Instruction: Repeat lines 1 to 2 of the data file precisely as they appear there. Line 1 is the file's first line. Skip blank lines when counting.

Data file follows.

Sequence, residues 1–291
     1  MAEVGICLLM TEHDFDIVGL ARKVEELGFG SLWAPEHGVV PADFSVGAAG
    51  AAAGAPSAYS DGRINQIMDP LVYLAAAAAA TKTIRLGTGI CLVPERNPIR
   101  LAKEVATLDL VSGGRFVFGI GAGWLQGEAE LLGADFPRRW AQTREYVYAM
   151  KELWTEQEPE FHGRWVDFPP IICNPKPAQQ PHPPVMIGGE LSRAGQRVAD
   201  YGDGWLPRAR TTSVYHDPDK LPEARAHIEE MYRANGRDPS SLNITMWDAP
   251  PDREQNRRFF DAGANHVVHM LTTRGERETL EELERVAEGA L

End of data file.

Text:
Sequence, residues 1–291
     1  MAEVGICLLM TEHDFDIVGL ARKVEELGFG SLWAPEHGVV PADFSVGAAG